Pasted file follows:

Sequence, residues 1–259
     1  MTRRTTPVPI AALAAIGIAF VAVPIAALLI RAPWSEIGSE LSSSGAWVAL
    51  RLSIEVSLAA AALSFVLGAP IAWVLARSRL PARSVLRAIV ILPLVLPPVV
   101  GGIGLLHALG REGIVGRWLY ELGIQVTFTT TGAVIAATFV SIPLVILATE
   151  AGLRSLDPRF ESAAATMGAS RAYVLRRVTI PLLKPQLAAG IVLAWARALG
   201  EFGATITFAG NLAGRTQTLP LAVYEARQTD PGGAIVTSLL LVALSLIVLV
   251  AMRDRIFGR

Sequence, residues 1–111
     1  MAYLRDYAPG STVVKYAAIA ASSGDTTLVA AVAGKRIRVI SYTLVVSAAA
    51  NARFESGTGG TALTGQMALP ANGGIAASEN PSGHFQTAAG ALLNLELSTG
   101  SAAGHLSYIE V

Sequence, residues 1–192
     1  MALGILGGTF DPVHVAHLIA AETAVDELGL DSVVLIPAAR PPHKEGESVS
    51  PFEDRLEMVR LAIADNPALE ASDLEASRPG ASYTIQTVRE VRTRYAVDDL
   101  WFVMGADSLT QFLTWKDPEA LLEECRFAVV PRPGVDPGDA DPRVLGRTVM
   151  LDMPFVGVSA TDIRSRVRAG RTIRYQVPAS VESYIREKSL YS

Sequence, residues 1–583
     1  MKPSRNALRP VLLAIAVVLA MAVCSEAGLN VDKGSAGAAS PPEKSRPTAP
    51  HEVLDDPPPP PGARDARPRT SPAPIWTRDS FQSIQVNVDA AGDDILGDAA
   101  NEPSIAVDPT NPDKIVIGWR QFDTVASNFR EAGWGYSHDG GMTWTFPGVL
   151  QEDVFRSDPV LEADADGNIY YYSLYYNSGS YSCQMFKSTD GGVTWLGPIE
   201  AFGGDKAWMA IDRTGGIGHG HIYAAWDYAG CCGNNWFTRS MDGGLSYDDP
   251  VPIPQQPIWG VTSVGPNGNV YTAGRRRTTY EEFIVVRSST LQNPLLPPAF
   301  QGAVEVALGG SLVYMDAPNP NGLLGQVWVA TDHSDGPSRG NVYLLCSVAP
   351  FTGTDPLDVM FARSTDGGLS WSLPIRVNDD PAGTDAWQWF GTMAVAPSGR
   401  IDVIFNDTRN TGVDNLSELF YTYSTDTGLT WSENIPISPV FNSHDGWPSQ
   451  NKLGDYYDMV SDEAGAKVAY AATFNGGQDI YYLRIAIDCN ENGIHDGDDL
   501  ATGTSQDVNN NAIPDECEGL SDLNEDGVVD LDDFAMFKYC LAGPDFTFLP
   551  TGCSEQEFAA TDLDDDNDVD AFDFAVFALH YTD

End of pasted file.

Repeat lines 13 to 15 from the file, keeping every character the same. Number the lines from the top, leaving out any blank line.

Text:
     1  MALGILGGTF DPVHVAHLIA AETAVDELGL DSVVLIPAAR PPHKEGESVS
    51  PFEDRLEMVR LAIADNPALE ASDLEASRPG ASYTIQTVRE VRTRYAVDDL
   101  WFVMGADSLT QFLTWKDPEA LLEECRFAVV PRPGVDPGDA DPRVLGRTVM